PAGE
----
Although the Claremont bubble may sometimes seem a sanctum of security, a recent car theft—part of a larger trend at the consortium—serves as a reminder that the consortium is not immune from crime.
Steven Ory PO ’16 discovered Oct. 22 that
his car had been stolen from the South Campus parking garage. While
his car was recovered through the combined efforts of Campus Safety and the Claremont Police Department (CPD), the theft reflects an increase in vehicle thefts at the consortium.
The annual Campus Safety Report, released by the consortium in accordance with the federal statute known as the Clery Act, indicates that car
theft across the consortium has increased from nine incidents in 2010 to 13 in 2011 and 17 in 2012.
“Many factors may be considered as a cause for this alarming
trend,” Director of Campus Safety Shahram Ariane said. “These may
include the early release of more than 59,000 state of California prison
inmates that began two years ago and is now near completion, the high rate of
unemployment in our region, and police personnel cuts in the local law
enforcement agencies due to budget shortfalls.”
According to the report, Campus Safety’s “arrest powers are identical to those of private persons” because it is not a police
department. All incidents of crimes, including felonies, violent crimes, and
theft committed by unidentified suspects, are therefore referred to the CPD
Ariane said that Campus Safety has been enhancing security measures to combat this trend.
“A well-designed video
management system [CCTV] has proven itself to be a key component of our overall
crime-prevention system,” he said.
Ariane said that the CPD used video evidence from the CCTV system in the South Campus garage to identify and the car and suspect in Ory’s case. He also noted that it has proven useful in past cases of car theft.
While auto theft is on the rise, burglary and assault appear to be on
the decline at the consortium. Cases of burglary have decreased from 122 in 2010 to 57
in 2012, and assault has decreased from three cases to one case in the same time frame.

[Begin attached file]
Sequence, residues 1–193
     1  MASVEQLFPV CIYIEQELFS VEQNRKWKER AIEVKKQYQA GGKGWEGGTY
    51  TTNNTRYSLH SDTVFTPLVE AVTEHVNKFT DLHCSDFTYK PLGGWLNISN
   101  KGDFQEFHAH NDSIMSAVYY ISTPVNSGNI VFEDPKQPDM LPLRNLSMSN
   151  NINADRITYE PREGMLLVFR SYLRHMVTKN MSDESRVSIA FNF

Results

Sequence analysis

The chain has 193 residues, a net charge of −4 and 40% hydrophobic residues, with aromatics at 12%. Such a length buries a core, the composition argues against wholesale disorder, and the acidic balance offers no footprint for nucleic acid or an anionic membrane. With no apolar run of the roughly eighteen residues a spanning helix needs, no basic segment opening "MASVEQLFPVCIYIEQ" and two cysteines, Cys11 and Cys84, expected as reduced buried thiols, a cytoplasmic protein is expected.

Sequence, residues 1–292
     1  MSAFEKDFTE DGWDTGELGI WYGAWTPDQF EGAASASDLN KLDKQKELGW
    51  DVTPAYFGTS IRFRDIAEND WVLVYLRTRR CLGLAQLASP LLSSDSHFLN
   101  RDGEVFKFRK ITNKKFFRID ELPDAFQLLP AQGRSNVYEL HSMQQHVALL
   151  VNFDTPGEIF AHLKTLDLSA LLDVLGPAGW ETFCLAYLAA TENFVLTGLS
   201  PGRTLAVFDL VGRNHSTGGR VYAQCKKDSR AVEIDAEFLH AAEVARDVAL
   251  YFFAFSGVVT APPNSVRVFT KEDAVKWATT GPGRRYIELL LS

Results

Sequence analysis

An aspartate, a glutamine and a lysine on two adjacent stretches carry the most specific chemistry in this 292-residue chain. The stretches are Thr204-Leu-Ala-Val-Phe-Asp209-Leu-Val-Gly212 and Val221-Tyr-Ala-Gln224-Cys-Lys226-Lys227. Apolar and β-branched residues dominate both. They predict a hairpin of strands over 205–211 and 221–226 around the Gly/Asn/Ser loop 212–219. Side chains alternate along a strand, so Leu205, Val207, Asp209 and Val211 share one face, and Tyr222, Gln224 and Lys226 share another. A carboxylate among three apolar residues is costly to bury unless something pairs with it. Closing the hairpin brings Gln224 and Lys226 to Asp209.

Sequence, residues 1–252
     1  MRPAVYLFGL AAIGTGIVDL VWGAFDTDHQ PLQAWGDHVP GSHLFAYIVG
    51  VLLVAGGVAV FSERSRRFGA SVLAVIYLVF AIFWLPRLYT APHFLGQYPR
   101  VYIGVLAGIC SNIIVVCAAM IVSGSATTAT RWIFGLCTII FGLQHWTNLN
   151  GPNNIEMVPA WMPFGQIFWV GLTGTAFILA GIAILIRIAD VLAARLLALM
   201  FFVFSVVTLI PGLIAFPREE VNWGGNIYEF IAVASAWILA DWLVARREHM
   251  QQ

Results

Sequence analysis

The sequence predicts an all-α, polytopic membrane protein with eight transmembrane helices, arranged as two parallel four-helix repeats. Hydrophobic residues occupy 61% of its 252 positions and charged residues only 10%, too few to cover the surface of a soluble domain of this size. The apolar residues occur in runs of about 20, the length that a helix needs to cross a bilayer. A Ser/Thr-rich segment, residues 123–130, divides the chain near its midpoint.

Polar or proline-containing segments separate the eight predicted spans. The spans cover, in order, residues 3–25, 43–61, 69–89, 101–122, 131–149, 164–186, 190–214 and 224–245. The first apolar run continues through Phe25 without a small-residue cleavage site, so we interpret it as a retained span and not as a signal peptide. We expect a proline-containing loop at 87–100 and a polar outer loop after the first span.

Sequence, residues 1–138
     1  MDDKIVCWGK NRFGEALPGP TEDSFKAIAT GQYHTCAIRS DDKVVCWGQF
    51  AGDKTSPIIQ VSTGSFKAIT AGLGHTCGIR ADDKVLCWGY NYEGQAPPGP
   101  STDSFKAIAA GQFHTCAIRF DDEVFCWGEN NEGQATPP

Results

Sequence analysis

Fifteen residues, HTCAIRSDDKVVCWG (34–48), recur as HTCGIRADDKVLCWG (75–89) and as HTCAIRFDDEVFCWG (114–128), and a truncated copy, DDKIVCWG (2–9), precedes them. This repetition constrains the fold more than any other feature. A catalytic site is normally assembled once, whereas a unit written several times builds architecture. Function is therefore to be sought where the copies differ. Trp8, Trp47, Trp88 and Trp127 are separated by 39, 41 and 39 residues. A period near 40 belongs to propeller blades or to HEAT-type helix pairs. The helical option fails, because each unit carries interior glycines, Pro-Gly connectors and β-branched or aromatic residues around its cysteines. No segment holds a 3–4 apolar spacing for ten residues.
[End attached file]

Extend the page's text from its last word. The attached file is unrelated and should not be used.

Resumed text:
“Our approach has been to keep the community better informed of
what goes on on campus,” Ariane said. “I would attribute the main
reason for this positive trend to be the key role that the students themselves
have played in taking reasonable precautions to partner with our department in
the interest of our overall safety.”
“These include locking the entry door into the dorm rooms,
especially when asleep and not giving access or letting strangers follow you
into residence halls,” he added.
The majority of
these cases of burglary have occurred at Pomona and Claremont McKenna College. In 2012, there were 18
incidents of burglary at both CMC and Pomona, compared to only nine at Pitzer
College, and five each at Scripps College and Harvey Mudd College.
to rates [of crime], the size of the campus also matters,” Pomona Vice President and Dean of Students Miriam Feldblum said. “Pomona has the
most people, buildings, and property, and our borders are adjacent to a number
of public neighborhoods, more so than a couple of the other schools, so we are
more accessible to the outside than a couple of the other campuses.”
structure of the campuses may also play a role in the crime rates, according to Scripps Acting Dean of Students Samuel Haynes.
“I think that [our low rate] is
partly due to the white walls that surrounds our campus; it is not easy for
outsiders to just walk on and/or enter our campus without the increased
likelihood of being seen by someone,” Haynes said.
“I think it
is also due to all Scripps students keeping a watchful eye out for each
other, alerting RAs and staff as soon as they see something or someone
suspicious or out of place,” he added.
Both Haynes and
Feldblum said that they leave most of the work regarding burglary to Campus Safety
and the CPD.
“We at Scripps tend
to let Campus Safety deal with crime unless it involves the harming of a
Scripps student,” Haynes said. “Then we work very closely with Campus
Safety and the Claremont police to bring the matter to a respectable